The Anti Tax Avoidance Package


Yesterday, the European Parliament discussed the European Commission’s plan to tackle the corporate tax avoidance, which currently costs European countries between 50 -70 billions in lost revenue a year.  New rules are needed to align the tax laws in all 28 EU countries in order to fight aggressive tax practices by large companies efficiently and effectively.

On 28 January the Commission presented its first measures, the Anti Tax Avoidance Package, which follows global standards developed by the Organisation for Economic Co-operation and Development last autumn. The Package calls on Member States to take a stronger and more coordinated stance against companies that seek to avoid paying their fair share of tax and to implement the international standards against base erosion and profit shifting.

Key features of the new proposals include:

  • legally-binding measures to block the most common methods used by companies to avoid paying tax;
  • a recommendation to Member States on how to prevent tax treaty abuse;
  • a proposal for Member States to share tax-related information on multinationals operating in the EU;
  • actions to promote tax good governance internationally;
  • a new EU process for listing third countries that refuse to play fair.

Taxes will not be harmonised, but a common tax base will help EU Member States to agree on which categories of companies’ revenue they would levy their taxes on. In that way, all the measures together will boost transparency between Member States and ensure fairer competition for all businesses in the Single Market. In the light of this reform, MEPs adopted the first special committee’s report in November, calling for mandatory country-by-country reporting of profits and taxes by multinationals and they have also set up a special committee that will continue working on the issue until June 2016.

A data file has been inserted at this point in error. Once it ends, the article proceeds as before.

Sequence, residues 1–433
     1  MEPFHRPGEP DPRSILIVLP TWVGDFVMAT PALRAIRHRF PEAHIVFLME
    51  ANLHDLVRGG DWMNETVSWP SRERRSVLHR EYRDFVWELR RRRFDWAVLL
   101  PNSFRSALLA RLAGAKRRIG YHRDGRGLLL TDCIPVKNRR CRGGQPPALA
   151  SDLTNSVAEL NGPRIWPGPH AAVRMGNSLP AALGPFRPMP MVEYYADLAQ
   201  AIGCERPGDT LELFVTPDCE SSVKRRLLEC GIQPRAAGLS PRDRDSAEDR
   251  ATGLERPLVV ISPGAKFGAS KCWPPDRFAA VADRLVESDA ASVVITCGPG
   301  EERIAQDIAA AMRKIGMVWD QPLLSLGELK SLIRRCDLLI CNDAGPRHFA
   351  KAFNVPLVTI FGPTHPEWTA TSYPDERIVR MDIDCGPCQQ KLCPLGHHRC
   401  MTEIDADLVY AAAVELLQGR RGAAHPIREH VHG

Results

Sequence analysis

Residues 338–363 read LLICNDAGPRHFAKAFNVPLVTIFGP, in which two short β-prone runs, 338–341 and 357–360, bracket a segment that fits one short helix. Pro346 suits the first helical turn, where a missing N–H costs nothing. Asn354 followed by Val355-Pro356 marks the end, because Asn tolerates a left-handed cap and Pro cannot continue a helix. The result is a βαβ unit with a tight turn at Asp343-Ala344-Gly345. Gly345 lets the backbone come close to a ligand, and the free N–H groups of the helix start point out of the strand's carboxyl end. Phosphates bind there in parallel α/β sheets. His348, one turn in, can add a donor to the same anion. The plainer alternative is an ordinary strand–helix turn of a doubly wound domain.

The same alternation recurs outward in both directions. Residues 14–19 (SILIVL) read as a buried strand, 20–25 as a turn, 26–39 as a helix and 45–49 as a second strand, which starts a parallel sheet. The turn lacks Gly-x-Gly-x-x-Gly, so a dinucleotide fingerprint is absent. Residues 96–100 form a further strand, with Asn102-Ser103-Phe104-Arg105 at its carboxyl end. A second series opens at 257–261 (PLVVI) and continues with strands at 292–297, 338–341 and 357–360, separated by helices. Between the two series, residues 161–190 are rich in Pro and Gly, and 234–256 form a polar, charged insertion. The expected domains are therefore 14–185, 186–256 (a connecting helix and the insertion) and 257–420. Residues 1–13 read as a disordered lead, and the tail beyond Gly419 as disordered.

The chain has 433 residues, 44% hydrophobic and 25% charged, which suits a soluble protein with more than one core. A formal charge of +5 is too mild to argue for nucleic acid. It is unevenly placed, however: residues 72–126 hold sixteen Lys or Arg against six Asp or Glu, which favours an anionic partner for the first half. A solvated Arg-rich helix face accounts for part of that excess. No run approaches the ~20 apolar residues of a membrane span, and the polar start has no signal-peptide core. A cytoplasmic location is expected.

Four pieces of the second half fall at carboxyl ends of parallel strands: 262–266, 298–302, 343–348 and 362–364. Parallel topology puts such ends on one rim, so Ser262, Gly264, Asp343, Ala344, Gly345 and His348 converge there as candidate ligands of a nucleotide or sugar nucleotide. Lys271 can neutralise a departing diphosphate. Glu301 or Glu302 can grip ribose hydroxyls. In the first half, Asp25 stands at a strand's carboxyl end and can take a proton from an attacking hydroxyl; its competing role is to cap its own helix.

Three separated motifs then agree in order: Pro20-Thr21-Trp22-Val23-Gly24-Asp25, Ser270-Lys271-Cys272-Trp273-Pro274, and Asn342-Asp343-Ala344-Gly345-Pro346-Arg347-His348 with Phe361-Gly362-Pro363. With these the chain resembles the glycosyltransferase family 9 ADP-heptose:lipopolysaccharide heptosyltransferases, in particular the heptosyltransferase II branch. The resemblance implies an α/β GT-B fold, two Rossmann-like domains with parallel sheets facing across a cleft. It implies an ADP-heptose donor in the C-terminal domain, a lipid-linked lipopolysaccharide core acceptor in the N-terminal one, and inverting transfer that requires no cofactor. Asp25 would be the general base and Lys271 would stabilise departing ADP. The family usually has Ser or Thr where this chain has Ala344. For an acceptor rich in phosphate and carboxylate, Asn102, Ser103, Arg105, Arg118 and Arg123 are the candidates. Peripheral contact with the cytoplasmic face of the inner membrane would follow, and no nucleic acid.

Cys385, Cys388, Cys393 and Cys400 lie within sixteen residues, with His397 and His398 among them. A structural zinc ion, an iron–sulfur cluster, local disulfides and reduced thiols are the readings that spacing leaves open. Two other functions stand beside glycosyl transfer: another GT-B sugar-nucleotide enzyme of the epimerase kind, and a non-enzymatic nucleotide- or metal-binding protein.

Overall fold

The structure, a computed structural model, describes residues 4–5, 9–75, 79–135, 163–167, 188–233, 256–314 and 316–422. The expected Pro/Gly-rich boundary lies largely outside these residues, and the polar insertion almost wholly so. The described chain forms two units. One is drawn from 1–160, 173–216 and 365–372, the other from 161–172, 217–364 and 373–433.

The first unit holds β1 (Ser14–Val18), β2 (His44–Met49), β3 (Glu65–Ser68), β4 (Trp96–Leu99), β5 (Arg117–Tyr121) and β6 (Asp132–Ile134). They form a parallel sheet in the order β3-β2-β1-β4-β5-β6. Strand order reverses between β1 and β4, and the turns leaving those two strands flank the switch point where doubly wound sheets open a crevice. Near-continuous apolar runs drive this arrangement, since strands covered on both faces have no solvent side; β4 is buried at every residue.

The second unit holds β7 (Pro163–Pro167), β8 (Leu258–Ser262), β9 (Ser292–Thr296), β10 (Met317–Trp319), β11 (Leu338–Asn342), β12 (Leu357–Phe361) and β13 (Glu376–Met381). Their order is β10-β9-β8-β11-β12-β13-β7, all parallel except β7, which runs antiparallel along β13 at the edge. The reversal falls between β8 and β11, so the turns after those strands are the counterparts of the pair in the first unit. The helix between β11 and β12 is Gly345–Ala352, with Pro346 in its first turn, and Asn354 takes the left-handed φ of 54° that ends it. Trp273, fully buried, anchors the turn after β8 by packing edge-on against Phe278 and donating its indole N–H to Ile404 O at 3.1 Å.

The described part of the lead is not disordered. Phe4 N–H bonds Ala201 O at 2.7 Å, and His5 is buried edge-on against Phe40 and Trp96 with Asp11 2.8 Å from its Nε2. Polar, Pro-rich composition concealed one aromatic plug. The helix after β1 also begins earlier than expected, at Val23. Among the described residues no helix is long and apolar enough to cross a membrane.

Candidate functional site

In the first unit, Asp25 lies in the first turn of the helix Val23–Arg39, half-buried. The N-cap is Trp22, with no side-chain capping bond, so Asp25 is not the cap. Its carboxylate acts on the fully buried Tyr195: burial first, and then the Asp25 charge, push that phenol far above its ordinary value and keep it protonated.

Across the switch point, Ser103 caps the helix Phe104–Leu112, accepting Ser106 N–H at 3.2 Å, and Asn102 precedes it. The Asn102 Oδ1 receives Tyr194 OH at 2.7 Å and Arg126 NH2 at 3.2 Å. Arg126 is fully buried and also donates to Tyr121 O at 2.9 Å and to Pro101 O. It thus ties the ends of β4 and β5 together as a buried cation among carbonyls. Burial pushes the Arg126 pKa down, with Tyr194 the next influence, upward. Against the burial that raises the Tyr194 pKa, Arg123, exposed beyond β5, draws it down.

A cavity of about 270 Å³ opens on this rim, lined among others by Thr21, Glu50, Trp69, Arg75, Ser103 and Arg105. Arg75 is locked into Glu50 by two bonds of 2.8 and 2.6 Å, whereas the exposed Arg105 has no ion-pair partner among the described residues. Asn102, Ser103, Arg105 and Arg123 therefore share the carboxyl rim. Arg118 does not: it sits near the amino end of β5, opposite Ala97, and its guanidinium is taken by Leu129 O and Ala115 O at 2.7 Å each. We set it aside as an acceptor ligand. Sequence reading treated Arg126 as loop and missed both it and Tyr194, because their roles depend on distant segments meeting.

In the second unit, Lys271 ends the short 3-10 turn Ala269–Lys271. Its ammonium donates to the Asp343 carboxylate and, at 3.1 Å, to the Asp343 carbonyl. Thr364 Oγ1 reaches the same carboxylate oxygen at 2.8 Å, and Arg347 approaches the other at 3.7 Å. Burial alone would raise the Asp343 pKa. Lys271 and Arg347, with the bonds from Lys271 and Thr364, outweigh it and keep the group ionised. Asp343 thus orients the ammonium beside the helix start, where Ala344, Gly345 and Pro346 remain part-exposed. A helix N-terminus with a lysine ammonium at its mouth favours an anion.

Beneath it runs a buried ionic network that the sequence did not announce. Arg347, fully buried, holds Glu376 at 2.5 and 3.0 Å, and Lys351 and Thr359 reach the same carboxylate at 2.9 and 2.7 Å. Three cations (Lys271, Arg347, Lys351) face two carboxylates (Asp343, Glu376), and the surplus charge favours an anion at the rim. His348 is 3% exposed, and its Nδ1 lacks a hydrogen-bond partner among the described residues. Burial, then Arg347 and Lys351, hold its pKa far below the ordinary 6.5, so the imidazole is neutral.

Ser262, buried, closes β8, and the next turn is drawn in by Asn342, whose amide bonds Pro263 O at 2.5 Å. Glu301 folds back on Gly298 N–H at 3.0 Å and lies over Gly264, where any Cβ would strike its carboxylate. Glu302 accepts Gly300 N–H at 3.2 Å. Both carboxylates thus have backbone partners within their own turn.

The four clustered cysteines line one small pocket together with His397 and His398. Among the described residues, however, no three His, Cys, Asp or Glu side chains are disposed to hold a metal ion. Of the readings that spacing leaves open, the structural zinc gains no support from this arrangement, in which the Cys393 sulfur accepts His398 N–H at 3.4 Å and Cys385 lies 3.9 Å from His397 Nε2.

In the next future, two legislative proposals of the Package will be submitted by the Europan Commission to the European Parliament for consultation and to the Council for adoption, in order to develop a coordinated EU response to corporate tax avoidance

So far, initiatives launched by the Commission in 2015 to boost tax transparency and reform corporate taxation are already achieving results: the proposal for transparency on tax rulings was agreed by Members States and a number of other substantial corporate tax reforms have been put forward.


Related Articles

Back to Top